Thomas W. Adams House, Springfield, Mass

The house at 72 Dartmouth Street in Springfield, around 1938-1939. Image courtesy of the Springfield Preservation Trust.

The house in 2017:


This house was built in 1886 for Thomas W. Adams, and it was apparently intended as a two-family home. During the 1900 census, both units were rented by middle class families. In one unit was confectionery company clerk Albert B. Sanderson, his wife Emma, their two young children, and a servant. The other unit was the home of dry goods merchant Hambley S. Christopher, his wife Mary, and their two children, along with a servant.

By 1910, the house had become a single-family home, owned by George W. Abbott. A native of New Hampshire, Abbott was a Civil War veteran who fought in the Seventh Regiment of New Hampshire Volunteers. He was badly wounded in 1864 during the Battle of Olustee in Florida, but he recovered, and after the war became a merchant in his home state. He was a director of several corporations, including the Concord Street Railway, Sullivan County Railroad, and the First National Bank of Concord. Along with this, he was a presidential elector in 1892 for Benjamin Harrison, and in 1895 he served in the state House of Representatives.

After his retirement, George Abbott and his wife Adelaide moved to Springfield, and they lived here in this house with their daughter Myra, her husband Grenville Stevens, and their children Eleanor, Abbott, and Emily. Adelaide died in 1911, and George in 1918, but the Stevens family continued to live here for many years. Grenville died in 1936, but Myra was still living at the house when the first photo was taken. Emily and Eleanor also still lived here, along with Eleanor’s husband, Warren D. Kinsman, and their children.

The family moved out of the house later sometime in the 1940s, but the house has remained well-preserved since then. Nearly 80 years after the first photo was taken, the house retains its Queen Anne-style appearance, and it is part of the McKnight Historic District on the National Register of Historic Places.

Henry S. Safford House, Springfield, Mass

The house at 80 Dartmouth Street in Springfield, around 1938-1939. Image courtesy of the Springfield Preservation Trust.

The house in 2017:


This house was built in 1891, and was originally the home of merchant Henry S. Safford and his wife Jessie. Born in Springfield in 1839, Safford had spent most of his career in the business world, but during the Civil War he worked for the War Department in Washington, D.C., where he was also inadvertently involved in the aftermath of Abraham Lincoln’s assassination. In 1865, he was living in Petersen House, a boarding house located directly across the street from Ford’s Theatre. On the night of the assassination, he heard a commotion on the streets, and after going outside to investigate he saw men carrying the wounded president. He directed them into the boarding house, and Lincoln was carried into a first floor bedroom, where he died a few hours later.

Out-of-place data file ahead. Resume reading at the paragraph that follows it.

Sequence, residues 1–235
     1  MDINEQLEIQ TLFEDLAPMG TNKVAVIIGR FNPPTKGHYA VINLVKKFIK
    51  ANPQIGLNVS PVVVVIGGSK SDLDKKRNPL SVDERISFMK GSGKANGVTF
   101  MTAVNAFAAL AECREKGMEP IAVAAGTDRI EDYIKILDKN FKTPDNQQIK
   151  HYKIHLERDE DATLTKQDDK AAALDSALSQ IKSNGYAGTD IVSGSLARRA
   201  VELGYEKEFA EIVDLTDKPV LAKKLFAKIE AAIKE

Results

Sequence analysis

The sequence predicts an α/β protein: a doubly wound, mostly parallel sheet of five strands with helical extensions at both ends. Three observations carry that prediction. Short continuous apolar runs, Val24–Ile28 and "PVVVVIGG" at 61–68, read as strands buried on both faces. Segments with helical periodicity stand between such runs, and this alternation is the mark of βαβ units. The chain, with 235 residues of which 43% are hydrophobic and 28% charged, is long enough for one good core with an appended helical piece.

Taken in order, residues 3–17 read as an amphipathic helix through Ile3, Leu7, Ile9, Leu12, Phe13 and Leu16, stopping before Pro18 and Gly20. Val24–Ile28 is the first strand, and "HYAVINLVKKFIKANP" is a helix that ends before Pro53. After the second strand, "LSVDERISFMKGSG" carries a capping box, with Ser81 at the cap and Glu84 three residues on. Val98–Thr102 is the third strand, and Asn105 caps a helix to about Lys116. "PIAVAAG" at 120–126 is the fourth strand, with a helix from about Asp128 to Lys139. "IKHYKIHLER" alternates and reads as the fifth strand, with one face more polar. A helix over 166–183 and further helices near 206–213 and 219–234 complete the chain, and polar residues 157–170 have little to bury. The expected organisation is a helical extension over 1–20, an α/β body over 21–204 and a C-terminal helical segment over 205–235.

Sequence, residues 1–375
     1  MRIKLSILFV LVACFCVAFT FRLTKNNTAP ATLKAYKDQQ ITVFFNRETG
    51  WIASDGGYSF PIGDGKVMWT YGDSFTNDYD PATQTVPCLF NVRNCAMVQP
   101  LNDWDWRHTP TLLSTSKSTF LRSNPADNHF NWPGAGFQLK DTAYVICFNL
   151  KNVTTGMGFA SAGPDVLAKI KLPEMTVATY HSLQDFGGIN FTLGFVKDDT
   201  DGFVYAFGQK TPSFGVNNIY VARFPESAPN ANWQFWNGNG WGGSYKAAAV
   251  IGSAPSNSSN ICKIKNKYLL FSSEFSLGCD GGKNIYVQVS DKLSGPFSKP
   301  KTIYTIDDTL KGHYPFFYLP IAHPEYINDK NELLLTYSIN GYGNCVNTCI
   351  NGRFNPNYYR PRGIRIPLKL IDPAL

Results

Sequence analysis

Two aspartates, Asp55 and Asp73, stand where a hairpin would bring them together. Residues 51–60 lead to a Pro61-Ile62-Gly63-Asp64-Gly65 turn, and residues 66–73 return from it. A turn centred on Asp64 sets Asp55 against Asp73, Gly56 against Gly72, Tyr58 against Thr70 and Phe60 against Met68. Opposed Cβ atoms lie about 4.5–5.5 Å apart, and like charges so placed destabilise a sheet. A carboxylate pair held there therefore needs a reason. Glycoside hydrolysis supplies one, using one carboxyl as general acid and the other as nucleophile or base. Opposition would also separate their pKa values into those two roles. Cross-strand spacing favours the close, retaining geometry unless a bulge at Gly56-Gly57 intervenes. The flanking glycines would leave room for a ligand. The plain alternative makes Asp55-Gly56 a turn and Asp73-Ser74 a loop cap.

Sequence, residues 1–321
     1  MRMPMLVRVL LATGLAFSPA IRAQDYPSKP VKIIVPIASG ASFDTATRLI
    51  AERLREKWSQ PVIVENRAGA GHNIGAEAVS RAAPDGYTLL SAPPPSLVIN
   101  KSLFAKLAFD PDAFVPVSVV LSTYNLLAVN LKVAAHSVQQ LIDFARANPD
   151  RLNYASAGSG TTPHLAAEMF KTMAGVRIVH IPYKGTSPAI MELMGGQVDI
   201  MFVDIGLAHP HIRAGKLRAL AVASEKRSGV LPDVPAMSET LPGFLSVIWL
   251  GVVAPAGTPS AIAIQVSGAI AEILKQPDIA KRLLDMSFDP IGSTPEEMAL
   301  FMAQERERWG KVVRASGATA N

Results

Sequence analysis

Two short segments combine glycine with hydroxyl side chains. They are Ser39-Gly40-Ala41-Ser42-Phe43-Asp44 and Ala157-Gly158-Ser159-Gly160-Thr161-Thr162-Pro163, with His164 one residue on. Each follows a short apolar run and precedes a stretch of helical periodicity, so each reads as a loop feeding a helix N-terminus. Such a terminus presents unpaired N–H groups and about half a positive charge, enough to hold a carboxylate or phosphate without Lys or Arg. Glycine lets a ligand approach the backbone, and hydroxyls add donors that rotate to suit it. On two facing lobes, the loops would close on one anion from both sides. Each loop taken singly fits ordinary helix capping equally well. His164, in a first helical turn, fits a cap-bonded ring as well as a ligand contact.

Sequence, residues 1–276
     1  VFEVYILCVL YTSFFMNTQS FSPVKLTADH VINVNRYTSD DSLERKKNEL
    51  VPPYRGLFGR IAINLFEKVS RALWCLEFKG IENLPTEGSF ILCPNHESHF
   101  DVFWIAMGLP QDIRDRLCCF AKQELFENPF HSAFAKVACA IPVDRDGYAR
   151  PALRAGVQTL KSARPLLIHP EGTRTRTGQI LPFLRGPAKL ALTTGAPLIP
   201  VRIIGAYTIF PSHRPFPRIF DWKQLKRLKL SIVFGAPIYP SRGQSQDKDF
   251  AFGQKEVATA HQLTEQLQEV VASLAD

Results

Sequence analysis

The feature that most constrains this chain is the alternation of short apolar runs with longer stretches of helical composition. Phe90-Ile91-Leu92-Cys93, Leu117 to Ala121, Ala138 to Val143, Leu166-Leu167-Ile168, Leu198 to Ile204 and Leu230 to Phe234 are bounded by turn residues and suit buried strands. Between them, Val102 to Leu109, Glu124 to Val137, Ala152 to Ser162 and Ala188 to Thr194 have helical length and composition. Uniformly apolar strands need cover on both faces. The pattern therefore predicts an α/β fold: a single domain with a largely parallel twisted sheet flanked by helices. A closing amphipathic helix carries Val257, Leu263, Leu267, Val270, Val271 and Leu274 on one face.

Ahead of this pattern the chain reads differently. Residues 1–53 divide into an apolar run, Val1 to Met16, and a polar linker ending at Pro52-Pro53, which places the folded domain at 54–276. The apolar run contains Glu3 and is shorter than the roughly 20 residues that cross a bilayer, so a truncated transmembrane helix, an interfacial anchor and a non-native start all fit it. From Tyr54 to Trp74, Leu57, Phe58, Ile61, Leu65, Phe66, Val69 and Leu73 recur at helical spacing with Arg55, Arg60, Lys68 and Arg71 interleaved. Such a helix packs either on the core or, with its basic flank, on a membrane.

Aside from his connection to one of the most significant events in 19th century American history, Safford seems to have had a relatively unremarkable life. During the 1880 census, he was still living with his parents at their home on Central Street, and he did not marry until 1887, when he was 47 years old. When he and Jessie moved into this house a few years later, they were among the many upper middle class Springfield residents who purchased homes in the newly-developed McKnight neighborhood. They were still living here during the 1900 census, but by 1906 they had moved to an apartment on State Street. Henry was among the last living people with a connection to the Lincoln assassination, and he lived in Springfield until his death in 1917 at the age of 77.

In 1906, the house was purchased by Seth H. Barlow, a real estate broker. He and his wife Bertha had been married a few years earlier, and they went on to raise their three children here. Aside from his real estate business, Seth was a fire insurance agent, and he also served on the city’s Common Council for most of the 1910s. He and Bertha were living here when the first photo was taken, and they remained here until 1951, when they sold the house. Since then, the house has remained in excellent condition. In 1976, it became a part of the McKnight Historic District on the National Register of Historic Places, and in 2013 the current owners received the Edward SIms Award for Stewardship from the Springfield Preservation Trust.